Chris-Vincent Agyapong, on a flight to Ghana
I travelled to Ghana from the UK on 23 September 2020, and 8 days later left Ghana to the UK. I was in Ghana in February 2020—and returned on time before coronavirus finally changed air travel around the world. The preparation and requirements for these two travels, though having taken place in the same year and to the same destination, are completely different.
It has become more confusing and expensive to travel abroad now—compared to how air travel was before the lockdown of March 2020. This, therefore means, that only essential travels are worth it.
The COVID-19 Test Before Travelling
When Ghana opened its borders to air travel in September 2020, it came with a strict requirement that travellers flying into Ghana must provide a COVID-19 test travel certificate—as evidence that they do not have COVID-19 before they are allowed to board any flight heading to Ghana. This test must have been taken no more than 72 hours before the travel.
I took my test on Sunday, 20 September 2020 via Vivo Clinic in London and on Tuesday 22 September 2020, I received a negative PCR swab result with a certificate confirming that I was fit to travel via E-mail.
Of course, this test is not free—I paid £139 for the test and the accompanying certificate. The results arrived within 48 hours of testing.
Negative COVID-19 travel certificate
At Heathrow Airport
A few days to flying out, British Airways sent an E-mail informing me that the departure and arrival of my flight to and from Ghana had been moved from Terminal 3 to Terminal 5.
At Heathrow, everything was calm—and it looked almost like a scene from a post-apocalyptic movie with only a few face-mask wearing human survivors. It was as if a deadly disease had wiped out a greater part of humanity with the few remaining travelling to see what remains of the other parts of the world.
I am not the kind to usually pay for Business Class but because I was not sure how economy seating arrangement was going to be like, I bought a Business Class ticket this time—and quickly checked in at the Club World/Priority desk at the airport.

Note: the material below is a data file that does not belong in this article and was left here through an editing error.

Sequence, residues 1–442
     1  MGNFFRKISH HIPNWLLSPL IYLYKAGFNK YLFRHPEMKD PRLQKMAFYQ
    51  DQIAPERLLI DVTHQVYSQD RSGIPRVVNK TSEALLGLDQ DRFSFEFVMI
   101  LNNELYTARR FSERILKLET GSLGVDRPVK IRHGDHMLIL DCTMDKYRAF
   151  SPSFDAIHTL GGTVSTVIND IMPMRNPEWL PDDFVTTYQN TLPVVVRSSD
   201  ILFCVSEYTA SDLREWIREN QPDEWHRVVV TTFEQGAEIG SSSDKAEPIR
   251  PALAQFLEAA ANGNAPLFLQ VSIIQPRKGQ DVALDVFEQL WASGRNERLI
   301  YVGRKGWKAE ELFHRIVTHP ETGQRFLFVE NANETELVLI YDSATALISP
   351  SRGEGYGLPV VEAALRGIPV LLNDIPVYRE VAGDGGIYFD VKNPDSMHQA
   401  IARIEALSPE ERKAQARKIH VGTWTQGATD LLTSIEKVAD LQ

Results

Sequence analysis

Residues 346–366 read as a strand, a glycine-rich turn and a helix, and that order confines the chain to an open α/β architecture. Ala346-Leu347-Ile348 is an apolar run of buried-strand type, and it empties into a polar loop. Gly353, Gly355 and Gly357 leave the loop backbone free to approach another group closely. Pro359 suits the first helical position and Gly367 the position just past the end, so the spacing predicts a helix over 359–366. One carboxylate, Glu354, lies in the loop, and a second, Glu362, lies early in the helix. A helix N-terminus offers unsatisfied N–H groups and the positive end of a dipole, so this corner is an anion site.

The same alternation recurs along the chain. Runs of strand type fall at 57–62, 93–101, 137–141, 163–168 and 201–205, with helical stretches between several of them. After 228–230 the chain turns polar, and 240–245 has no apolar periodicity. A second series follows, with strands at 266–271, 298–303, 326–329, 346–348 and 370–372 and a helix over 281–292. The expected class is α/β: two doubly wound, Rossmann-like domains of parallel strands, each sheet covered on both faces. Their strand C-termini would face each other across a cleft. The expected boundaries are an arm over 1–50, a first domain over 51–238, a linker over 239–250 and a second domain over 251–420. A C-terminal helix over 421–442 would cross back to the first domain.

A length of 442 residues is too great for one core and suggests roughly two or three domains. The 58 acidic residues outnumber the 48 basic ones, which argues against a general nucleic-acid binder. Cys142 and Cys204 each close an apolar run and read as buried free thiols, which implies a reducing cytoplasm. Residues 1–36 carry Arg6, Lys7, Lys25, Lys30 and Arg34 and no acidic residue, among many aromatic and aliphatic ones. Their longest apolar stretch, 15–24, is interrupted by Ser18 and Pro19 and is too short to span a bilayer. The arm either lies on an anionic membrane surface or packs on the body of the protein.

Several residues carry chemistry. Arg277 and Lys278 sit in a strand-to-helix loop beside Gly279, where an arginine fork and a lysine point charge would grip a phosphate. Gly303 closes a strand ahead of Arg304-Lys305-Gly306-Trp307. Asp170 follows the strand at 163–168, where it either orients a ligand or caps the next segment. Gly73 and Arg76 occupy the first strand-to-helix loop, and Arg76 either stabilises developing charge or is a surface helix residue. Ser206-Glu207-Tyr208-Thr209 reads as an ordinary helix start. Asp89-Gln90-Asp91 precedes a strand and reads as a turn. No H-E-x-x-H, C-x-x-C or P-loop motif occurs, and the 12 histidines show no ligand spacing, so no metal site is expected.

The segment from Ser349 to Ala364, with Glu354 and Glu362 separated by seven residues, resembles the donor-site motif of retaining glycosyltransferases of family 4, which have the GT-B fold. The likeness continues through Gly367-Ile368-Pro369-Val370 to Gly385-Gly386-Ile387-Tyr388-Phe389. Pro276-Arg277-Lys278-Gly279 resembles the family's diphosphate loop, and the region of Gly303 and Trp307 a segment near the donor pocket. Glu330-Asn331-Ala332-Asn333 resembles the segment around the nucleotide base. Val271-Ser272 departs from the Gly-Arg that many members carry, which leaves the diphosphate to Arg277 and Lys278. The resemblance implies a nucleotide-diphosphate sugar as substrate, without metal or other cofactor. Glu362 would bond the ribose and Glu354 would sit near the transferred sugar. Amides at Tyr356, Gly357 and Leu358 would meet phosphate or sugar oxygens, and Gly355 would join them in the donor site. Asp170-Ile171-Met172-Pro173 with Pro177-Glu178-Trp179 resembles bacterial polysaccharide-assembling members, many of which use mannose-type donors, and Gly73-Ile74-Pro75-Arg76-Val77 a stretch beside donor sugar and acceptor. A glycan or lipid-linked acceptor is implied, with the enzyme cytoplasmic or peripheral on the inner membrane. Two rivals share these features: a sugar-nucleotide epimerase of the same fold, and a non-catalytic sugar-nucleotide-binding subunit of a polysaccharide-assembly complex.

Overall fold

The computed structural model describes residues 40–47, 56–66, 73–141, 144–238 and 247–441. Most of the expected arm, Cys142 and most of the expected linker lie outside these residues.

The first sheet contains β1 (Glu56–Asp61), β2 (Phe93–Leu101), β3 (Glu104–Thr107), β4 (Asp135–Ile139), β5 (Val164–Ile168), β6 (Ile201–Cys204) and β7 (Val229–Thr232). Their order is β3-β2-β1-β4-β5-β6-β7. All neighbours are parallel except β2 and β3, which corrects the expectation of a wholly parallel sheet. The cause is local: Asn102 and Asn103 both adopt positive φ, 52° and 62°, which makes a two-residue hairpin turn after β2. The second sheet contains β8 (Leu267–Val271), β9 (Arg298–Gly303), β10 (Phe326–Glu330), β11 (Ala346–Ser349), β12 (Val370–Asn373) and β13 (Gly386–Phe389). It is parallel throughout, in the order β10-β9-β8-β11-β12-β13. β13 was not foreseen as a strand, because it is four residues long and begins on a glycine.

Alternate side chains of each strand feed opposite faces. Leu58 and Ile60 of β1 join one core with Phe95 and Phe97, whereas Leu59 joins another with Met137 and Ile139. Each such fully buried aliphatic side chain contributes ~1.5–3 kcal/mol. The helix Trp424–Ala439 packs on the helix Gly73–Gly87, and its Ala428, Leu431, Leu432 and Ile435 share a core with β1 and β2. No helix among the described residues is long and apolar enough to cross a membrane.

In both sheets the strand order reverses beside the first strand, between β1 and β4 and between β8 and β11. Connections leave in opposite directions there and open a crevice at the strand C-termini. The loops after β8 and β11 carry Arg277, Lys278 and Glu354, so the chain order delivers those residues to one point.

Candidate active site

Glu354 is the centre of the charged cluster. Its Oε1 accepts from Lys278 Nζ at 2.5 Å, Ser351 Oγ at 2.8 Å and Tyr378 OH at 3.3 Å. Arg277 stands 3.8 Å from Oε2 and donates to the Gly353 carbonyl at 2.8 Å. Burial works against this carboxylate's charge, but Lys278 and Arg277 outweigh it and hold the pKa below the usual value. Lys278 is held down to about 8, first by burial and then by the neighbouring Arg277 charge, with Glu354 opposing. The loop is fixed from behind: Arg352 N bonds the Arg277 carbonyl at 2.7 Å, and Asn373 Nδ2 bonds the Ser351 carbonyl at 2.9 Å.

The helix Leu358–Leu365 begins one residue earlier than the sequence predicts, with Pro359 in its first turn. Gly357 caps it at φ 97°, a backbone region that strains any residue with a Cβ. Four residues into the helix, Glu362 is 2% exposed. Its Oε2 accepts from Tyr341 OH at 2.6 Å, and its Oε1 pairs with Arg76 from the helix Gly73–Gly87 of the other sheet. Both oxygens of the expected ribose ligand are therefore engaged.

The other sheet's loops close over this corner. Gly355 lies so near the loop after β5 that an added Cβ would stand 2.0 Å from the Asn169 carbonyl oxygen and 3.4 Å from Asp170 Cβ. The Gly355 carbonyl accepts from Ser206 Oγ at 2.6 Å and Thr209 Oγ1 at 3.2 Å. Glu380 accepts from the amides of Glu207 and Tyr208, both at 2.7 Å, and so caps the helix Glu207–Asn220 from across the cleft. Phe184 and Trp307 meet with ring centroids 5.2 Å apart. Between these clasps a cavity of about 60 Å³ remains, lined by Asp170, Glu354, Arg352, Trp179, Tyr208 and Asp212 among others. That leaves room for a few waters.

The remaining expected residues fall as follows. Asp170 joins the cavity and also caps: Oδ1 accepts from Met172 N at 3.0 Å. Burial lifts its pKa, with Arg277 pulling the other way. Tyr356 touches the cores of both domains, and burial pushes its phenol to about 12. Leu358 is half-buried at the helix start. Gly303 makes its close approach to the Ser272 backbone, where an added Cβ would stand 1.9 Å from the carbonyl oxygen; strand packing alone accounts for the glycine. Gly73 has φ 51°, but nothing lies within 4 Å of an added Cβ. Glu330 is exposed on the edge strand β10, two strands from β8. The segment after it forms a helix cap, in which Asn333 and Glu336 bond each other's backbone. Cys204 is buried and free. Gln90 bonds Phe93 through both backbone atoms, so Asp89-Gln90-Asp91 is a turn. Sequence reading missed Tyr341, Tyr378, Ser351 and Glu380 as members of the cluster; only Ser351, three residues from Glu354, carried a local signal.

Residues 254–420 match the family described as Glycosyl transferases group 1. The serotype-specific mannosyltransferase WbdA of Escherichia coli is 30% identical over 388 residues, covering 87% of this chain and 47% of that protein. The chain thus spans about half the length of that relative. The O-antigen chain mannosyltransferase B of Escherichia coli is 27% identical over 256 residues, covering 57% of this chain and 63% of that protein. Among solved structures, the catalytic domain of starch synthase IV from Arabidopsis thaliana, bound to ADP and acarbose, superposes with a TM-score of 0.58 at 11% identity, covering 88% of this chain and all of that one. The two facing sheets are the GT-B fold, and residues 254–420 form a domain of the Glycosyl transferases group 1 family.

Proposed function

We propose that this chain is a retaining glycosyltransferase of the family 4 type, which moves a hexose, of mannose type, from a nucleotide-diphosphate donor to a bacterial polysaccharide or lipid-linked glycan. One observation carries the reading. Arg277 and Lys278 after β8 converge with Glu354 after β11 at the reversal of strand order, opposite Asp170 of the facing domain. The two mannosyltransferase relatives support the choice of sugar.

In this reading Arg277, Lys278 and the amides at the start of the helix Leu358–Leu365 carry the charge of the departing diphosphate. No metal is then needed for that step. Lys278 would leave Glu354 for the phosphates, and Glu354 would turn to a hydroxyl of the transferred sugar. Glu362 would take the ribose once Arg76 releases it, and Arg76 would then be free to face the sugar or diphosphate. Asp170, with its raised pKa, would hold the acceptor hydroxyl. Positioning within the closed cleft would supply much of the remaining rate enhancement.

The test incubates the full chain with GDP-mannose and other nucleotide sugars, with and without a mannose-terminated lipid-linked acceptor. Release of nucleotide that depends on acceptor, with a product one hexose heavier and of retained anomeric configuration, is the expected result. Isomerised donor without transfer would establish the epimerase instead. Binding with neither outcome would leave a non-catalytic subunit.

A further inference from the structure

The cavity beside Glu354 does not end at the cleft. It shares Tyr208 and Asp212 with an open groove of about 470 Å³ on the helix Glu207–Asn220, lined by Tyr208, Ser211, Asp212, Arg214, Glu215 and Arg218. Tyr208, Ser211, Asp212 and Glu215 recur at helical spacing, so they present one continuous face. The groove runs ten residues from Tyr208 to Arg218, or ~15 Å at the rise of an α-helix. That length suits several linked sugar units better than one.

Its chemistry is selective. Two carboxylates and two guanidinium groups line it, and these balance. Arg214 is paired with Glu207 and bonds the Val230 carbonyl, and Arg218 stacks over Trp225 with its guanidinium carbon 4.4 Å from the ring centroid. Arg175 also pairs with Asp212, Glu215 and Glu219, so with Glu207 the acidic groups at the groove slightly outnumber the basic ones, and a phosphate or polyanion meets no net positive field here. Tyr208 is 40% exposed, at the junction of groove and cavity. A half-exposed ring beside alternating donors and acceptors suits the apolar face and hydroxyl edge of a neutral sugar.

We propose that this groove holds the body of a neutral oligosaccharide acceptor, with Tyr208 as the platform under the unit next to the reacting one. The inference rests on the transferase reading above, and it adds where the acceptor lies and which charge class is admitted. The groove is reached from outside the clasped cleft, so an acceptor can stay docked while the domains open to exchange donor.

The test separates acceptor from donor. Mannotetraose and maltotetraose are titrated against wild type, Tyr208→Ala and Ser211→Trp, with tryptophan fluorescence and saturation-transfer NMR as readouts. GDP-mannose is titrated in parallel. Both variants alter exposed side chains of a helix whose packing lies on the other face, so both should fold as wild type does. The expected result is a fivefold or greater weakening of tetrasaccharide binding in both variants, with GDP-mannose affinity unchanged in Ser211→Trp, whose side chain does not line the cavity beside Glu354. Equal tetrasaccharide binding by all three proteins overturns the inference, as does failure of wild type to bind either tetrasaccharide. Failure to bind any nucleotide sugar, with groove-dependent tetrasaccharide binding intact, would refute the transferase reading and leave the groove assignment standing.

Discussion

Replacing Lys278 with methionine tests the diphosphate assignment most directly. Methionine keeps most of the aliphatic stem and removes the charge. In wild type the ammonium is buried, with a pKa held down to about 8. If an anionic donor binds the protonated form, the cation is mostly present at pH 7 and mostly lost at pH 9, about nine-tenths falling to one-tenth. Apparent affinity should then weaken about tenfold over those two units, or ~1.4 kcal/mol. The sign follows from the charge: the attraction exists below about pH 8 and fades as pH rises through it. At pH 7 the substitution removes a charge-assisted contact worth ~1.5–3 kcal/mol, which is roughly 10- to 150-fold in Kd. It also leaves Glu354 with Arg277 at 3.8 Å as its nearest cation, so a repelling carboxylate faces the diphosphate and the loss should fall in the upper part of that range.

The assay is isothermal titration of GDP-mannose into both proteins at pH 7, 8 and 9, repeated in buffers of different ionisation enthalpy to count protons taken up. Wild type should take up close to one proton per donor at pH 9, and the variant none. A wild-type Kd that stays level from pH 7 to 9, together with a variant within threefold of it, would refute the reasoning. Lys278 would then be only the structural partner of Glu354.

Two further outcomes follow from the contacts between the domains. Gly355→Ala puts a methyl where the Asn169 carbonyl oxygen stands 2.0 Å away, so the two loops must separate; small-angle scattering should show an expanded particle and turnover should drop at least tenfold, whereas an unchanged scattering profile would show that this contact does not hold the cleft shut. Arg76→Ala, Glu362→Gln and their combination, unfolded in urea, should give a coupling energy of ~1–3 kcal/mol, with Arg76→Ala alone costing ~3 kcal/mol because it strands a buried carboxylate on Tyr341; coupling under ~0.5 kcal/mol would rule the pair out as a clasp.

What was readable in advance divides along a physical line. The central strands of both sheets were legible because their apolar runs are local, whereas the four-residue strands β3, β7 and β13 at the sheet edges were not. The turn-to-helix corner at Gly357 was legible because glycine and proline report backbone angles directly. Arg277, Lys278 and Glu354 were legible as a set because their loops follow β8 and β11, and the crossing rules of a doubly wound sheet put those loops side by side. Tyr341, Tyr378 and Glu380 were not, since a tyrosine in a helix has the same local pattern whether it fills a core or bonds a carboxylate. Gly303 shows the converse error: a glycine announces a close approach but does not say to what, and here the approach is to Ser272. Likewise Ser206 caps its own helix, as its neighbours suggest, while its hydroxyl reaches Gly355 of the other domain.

Everyone had their mask on at the airport. It is compulsory to have your mask on—except for brief moments when you are eating or drinking.
It was during the check-in that the COVID-19 test certificate which had been issued to me was checked by the attendant. The attendant just looked at the printed certificate I presented to him and keyed into the system that I had taken a test within the stipulated time and the result is negative per the certificate.
Perhaps, it is due to the need to see this certificate that online check-in was impossible when I tried it.
There was no verification of the test certificate by the attendant and therefore I wondered how they would have ascertained if the certificate was fake. Later, I heard of community gossip that some Londoners were editing the names and details of people who had taken this test and presenting the certificates of these people at airport as theirs—without any problems.
Apart from the fact that such enterprise borders on serious criminality beyond the act of forgery—in the sense that you intentionally put the lives of others in danger, it is absurd to take such a risk because another test awaits you in Ghana when you arrive.
I do not think the aeroplane I was on board was even quarter full. The people who gathered at the boarding gate could swiftly be counted. Before boarding, we were given a leaflet issued by the government of Ghana requiring us to submit our details via a provided website link, as part of the health screening to be completed in Ghana.
On board, it was mandatory for everyone to wear a face-mask, for the duration of the entire flight. Passengers are only allowed to pull off their face-mask to eat and to drink.